U.S. Military Mental Health Costs Skyrocket
[The following report is from NextGov.com, an information resource for federal technology decision makers, and the CRS report cited.]
The Congressional Research Service (CRS) just put a price tag on the mental health costs of the long wars in Afghanistan and Iraq: about $4.5 billion between 2007 and 2012. The Defense Department spent $958 million on mental health treatment in 2012, roughly double the $468 million it spent in 2007.
Eighty-nine percent of spending on mental disorder treatment between 2007 and 2012 — approximately $4 billion — went for active duty service members. Over the same time frame, the military health system spent about $461 million on mental health care treatment for activated Guard and Reserve members.
Of the nearly $1 billion the military medical system spent in fiscal 2012 on mental disorder treatments for active duty and activated National Guard and reserve members, CRS said more than half of the costs, about $567 million, were for outpatient active duty mental health care.
Between 2001 and 2011, the rate of mental health diagnoses among active duty service members increased approximately 65 percent, CRS reported. A total of 936,283 service members, or former service members during their period of service, have been diagnosed with at least one mental disorder over this time, CRS said.
The CRS report [R43175 “Post-Traumatic Stress Disorder and Other Mental Health Problems in the Military: Oversight Issues for Congress” August 8, 2013], written by Katherine Blakeley, a foreign affairs analyst, and Don J. Jansen, a Defense health care policy analyst, said the reported incidence of post traumatic stress disorder soared 650 percent, from about 170 diagnoses per 100,000 person years in 2000 to approximately 1,110 diagnoses per 100,000 person years in 2011.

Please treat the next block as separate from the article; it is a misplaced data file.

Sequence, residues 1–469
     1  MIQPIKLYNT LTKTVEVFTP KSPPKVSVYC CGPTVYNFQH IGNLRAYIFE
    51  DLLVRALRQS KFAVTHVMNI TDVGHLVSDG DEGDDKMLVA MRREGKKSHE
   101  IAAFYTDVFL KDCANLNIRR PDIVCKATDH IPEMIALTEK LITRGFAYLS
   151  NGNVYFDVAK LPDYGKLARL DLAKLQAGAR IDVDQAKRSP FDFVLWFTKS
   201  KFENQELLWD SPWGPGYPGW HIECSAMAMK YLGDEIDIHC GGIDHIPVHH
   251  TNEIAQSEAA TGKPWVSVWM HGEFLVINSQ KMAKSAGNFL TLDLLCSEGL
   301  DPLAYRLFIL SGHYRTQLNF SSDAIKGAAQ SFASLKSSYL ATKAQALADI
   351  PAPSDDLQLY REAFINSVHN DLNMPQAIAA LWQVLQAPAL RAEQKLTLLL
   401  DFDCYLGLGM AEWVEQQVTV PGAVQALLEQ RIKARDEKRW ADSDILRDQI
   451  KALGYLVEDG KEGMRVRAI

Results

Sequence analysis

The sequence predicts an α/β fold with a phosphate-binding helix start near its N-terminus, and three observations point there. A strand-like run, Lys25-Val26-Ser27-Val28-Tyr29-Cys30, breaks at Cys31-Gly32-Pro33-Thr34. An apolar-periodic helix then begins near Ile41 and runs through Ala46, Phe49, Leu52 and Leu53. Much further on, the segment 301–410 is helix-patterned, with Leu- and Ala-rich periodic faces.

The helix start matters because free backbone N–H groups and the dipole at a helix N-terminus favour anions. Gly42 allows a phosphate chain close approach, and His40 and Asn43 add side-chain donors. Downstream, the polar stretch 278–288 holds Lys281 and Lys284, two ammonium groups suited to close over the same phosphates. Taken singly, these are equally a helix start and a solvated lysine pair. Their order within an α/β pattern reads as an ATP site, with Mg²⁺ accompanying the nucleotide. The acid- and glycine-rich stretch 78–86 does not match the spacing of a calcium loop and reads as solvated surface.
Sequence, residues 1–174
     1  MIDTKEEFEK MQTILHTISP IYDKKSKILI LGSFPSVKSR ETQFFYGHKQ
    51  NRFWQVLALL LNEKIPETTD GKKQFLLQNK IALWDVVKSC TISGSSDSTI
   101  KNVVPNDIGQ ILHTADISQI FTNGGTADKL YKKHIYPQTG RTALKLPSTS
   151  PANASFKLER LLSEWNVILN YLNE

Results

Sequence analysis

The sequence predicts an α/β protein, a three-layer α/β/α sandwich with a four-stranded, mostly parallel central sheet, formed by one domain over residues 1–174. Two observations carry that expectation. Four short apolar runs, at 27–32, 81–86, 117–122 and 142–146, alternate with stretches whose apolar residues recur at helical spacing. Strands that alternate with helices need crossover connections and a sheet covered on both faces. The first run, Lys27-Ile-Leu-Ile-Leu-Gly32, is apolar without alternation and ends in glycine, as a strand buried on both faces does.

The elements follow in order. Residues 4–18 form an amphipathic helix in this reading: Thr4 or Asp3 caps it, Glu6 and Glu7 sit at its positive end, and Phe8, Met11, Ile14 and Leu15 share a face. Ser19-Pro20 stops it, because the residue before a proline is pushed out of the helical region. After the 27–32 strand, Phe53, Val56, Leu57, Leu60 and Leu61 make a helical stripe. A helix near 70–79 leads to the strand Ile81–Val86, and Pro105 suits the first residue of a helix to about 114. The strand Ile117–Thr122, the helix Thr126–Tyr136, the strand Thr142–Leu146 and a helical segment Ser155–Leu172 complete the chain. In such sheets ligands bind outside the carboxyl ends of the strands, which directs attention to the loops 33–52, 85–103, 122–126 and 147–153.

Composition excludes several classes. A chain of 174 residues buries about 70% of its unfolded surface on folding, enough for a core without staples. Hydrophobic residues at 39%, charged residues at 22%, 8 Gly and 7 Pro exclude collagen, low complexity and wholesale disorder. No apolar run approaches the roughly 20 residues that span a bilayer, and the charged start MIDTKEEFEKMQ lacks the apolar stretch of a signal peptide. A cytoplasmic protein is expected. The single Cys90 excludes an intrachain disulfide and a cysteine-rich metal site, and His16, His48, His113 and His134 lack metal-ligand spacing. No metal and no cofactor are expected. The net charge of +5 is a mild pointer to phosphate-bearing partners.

Though Defense spent $4 billion on mental health treatment for active duty service members from 2007 through 2012, the CRS report questioned exactly what the Pentagon got for its money. “There are scant data documenting which treatments patients receive or whether those treatments were appropriate and timely,” the report said. Additionally, “Reliable evidence is lacking as to the quality of mental health care and counseling offered in DOD facilities.”
Beginning in 2010, suicide has been the second-leading cause of death for active duty servicemembers, behind only war injuries. Between 1998 and 2011, 2,990 servicemembers on active duty have died by suicide, with an incidence rate of approximately 14 per 100,000 person years. However, the suicide rate among active duty servicemembers has sharply increased since 2005, reaching a peak of 18.5 per 100,000 in 2009 and declining slightly to 17.5 per 100,000 in 2010 and 18 per 100,000 in 2011.
Of the 301 servicemembers who died by suicide in 2011, 40% received outpatient behavioral health care, while 17% had received outpatient behavioral health services within the month prior to suicide; 15% had received inpatient behavioral health treatment; 26% had a known history of psychotropic medication use, most frequently antidepressants.
Of the 915 active duty servicemembers who attempted suicide in 2011, 43% had a known history of psychotropic medication use, most frequently antidepressants, and 61% had received outpatient behavioral health services within the month prior to suicide.
This and other reports persist in declaring that the reasons for high rates of military suicides are not clear. However, the scientific research documenting the connection between violence, suicide and psychiatric drugs is overwhelming. When you contact your federal officials, Senators, and Representatives, tell them to investigate the relationship between psychiatric drugs, violence and suicide. For more information about this relationship, download and read the CCHR booklet “Psychiatric Drugs Create Violence and Suicide.”
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